After 20 months in the Ward 1 aldermanic seat, Rachel Plattus ’09 has drawn — and will even admit to — a major criticism of her tenure.

Plattus herself said her visibility to and communication with her primary constituency — those Elis who live in Ward 1 — left something to be desired. But despite her failure to make good on some of her original campaign promises, city officials who worked with Plattus said she has made significant contributions to the city as an alderwoman.

Plattus has been criticized for her lack of presence on campus several times, including during last semester’s campaign for the Ward 1 Democratic endorsement vote. In a debate, when the three candidates for the endorsement vote were asked how they could improve on Plattus’ legacy, Minh Tran ’09 said he wanted “to be more of a presence on campus, and to be more visible than she was.”

Plattus was a member of the Yale Slavic Women’s Chorus and, during her senior year, was a Saybrook College freshman counselor and a member of a senior society, Scroll & Key. But Plattus contended that her schedule never interfered with her responsibilities as an alderwoman. According to records kept by the city’s Office of Legislative Services, Plattus attended 91 percent of Board of Aldermen meetings in 2008 and 67 percent between January and May in 2009.

“There was no question that this was my first priority, and you can always do things better,” Plattus said. “Visibility is an area where I probably could have done better.”

In fact, Plattus no longer lives within the boundaries of her ward. Since moving out of Saybrook last year upon graduation, she moved into the Taft Apartments on College Street — a building just on the wrong side of the street of the Ward 1 boundary. “I hope that people will not perceive that as an enormous problem,” Plattus said when asked about the discrepancy.

In the months leading up to her uncontested election, Plattus had in fact said she planned to establish her own Ward 1 Web site to keep constituents up to date with upcoming events and issues facing the city. That Web site never went online, and it was one of several campaign promises that never came to pass during her tenure in office.

Asked whether he planned to be more visible in the Yale community, Ward 1 aldermanic hopeful Mike Jones ’11 said he plans to maintain open avenues of communication with Yale students via his Web site and his Yale panlist. Jones declined to comment on whether Plattus maintains a high-enough profile on campus.

“To be honest, I think Rachel can be much more reflective of her tenure on board than I can,” he said, though he added that his campaign has prioritized reaching out to freshmen and other groups on campus to keep them engaged.

Aside from failing to launch a Web site, Plattus also touted some city-wide initiatives during her campaign that never came to fruition during her term in office.

On Feb. 6, 2007, Plattus said to a group of about 50 students in the Jonathan Edwards College common room that she had a plan in place to obtain necessary funds and volunteers to create the Elm City Family Center, a shelter for teenage girls and an information center for local families. Plattus said she has worked to alleviate issues affecting young people and families during her time on the Board of Aldermen’s Youth Services Committee, and that she is currently in contact with the city’s director of youth services, Che Dawson, in order to evaluate how city resources can better be provided to New Haven’s youngsters.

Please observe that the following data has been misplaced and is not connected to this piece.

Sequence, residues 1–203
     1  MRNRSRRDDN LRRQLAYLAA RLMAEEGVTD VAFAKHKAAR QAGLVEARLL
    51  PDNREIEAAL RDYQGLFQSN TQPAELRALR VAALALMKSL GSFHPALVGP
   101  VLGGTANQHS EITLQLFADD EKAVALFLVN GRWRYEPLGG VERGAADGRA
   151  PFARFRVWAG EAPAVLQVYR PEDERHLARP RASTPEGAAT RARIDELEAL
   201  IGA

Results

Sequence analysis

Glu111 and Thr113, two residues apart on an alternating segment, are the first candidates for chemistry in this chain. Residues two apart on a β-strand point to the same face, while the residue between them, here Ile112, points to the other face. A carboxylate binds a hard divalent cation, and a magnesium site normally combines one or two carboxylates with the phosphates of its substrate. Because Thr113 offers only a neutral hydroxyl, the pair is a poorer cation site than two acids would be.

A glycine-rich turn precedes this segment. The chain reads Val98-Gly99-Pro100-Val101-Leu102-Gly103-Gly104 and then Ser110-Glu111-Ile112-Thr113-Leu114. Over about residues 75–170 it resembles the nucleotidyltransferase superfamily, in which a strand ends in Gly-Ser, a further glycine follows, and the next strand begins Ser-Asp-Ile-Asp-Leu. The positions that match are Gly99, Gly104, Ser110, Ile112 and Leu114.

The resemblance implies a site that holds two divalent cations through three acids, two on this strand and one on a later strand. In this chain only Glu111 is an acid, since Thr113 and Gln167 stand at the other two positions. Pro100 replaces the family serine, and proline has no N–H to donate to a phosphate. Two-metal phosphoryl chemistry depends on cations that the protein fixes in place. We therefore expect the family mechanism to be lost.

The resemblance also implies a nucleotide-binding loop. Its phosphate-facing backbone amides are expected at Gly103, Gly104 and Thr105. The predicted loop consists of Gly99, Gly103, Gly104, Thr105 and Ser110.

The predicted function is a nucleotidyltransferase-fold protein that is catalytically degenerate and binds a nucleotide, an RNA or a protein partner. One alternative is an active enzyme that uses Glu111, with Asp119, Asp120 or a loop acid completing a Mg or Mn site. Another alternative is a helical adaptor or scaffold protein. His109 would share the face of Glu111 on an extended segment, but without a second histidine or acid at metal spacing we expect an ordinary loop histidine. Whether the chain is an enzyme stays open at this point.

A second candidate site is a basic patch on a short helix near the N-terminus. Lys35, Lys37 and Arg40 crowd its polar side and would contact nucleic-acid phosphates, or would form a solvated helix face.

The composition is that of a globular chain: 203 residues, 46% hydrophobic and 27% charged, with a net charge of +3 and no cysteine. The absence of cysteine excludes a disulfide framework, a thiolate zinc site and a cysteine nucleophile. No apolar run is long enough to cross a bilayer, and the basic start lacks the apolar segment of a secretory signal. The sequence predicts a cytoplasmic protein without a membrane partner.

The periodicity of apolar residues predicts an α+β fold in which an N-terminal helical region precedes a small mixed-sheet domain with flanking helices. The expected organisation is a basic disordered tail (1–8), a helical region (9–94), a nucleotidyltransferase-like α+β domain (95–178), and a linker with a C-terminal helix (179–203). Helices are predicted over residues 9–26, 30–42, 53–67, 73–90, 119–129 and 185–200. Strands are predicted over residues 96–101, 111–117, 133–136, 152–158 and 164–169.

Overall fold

But, as Plattus admitted last week, the idea for the Elm City Family Center never left the ground.

“You have these ideas that are often quite grandiose about what it is in your wildest dreams that you’d like to do,” Plattus said. “And then there are things happening [such as the closure of New Haven homeless shelters] that demand immediate attention.”

Ward 10 Alderman Allan Brison, who worked with Plattus on the Complete Streets legislation last fall, said he has also felt that initial expectations must often be scaled back. He said the Elm City Family Center idea, at first glance, struck him as overly ambitious even though he said it would have been a worthwhile initiative.

“I think that reflects my experience as a freshman alderman as well,” said Brison, who was elected to his second term last week. “You’re very apt to have more ‘grandiose’ ideas than the reality is going to allow.”

Instead of working on the family center, Plattus focused on the city’s homeless crisis, as decreased funding from Gov. M. Jodi Rell caused the premature closure of the city’s homeless shelters before the end of the winter months. Plattus worked with the Yale Hunger and Homelessness Action Project and Shelter Now in order to gain the extra funding necessary to keep the shelters open. But since then, Plattus’ connection with YHHAP at Yale has become more informal; current YHHAP co-coordinator Efan Wu ’10 said Plattus has not attended a YHHAP meeting since January.

Since her graduation, Plattus has been working pro-bono with the city on homelessness issues and public school reform; she said she is deciding between finding an education-related job in New Haven or attending graduate school. Ward 15 Alderman Joseph Rodriguez said he is happy to see that many of Plattus’ passions on the board, such as improving public school education in New Haven, have risen in prominence as Mayor John DeStefano Jr. initiates serious discussion about school reform.

Rodriguez said it is unfortunate that Plattus has chosen to end her time on the board as these issues gain more attention.

But Plattus maintained that the end of her term on the Board of Aldermen will not mean the end of her involvement in addressing New Haven challenges.

“There are so many ways to be involved in what’s going on in the city,” she said, “and being on the Board of Aldermen is [just] one of them.”